Elderly ethics professor Zofia (Maria Kościałkowska) unexpectedly meets Elżbieta (Teresa Marczewska), a Jew of Polish descent who lives in the US and has translated Zofia’s works. Through the course of their acquaintance, it transpires that Zofia had refused to help Elżbieta during the Nazi occupation of Poland, when she was a young child.
40-year-old cardiologist Roman (Piotr Machalica) finds out that he is sexually impotent. Although Roman fears that this will cause their marriage to fall apart, his wife Hanka (Ewa Błaszczyk) insists that love means more sex. Nonetheless, Roman starts to obsessively spy on Hanka, leading him to uncover a closely-guarded secret.
Dekalog has achieved that rare feat of being a foreign-language feature that is internationally popular, not only with film critics, but also with the viewing public. How exactly did this 10-part cycle, originally made for television in communist Poland and loosely based around the Ten Commandments, find such success? The answer lies in Krzysztof Kieślowski’s ability to transplant broader moral dilemmas into the everyday lives of its characters, to dramatise rather than dictate reality, to find the universal resonance in seemingly local issues – and to do all of this with a strikingly mature aesthetic, hitherto unseen on most television sets.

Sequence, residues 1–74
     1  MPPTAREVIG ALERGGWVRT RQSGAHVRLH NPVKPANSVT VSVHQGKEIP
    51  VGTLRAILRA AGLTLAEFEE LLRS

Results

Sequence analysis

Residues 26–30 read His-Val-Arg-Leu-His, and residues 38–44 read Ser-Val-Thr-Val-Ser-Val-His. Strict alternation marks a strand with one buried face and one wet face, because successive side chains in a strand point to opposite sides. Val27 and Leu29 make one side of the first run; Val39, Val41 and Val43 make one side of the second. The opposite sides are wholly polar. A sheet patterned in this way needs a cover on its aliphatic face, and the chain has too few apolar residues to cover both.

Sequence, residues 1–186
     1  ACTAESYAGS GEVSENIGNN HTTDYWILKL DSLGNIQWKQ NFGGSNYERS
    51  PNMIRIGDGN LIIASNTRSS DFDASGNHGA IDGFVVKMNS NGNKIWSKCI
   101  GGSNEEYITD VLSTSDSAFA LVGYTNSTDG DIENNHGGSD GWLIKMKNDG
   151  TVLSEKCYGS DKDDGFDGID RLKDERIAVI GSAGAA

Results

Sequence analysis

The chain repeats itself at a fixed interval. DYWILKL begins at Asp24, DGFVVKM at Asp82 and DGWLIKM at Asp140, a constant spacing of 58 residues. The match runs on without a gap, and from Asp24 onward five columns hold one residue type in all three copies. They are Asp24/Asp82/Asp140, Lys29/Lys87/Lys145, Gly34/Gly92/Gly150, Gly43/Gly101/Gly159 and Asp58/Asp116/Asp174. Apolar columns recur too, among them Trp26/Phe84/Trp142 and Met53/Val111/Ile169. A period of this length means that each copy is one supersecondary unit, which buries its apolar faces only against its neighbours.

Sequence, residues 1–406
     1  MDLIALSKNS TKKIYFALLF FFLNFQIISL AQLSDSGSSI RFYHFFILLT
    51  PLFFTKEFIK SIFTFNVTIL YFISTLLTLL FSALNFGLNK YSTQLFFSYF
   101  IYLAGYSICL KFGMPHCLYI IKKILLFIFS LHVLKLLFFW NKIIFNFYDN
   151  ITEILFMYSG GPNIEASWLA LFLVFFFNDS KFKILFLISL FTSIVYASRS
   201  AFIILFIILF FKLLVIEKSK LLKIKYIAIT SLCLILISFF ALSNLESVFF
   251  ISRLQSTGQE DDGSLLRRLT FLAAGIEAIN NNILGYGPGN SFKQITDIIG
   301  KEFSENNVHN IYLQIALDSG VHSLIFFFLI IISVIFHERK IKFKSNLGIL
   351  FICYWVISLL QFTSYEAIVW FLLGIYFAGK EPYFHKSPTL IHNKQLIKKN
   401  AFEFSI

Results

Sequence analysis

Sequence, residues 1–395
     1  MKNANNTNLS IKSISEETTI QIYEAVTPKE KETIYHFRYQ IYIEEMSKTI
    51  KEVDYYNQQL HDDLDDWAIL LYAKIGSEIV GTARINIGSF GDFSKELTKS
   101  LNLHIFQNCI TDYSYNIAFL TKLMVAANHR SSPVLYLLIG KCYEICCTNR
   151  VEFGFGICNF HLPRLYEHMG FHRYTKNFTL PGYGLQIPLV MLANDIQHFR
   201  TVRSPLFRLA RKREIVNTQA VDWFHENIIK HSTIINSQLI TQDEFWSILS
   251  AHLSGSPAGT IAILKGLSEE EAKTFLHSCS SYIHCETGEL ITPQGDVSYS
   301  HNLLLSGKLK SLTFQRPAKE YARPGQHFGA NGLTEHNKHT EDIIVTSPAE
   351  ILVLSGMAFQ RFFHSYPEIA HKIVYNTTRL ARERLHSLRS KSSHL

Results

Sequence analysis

Films will be available via ICA Cinema 3 between 20 May - 27 May.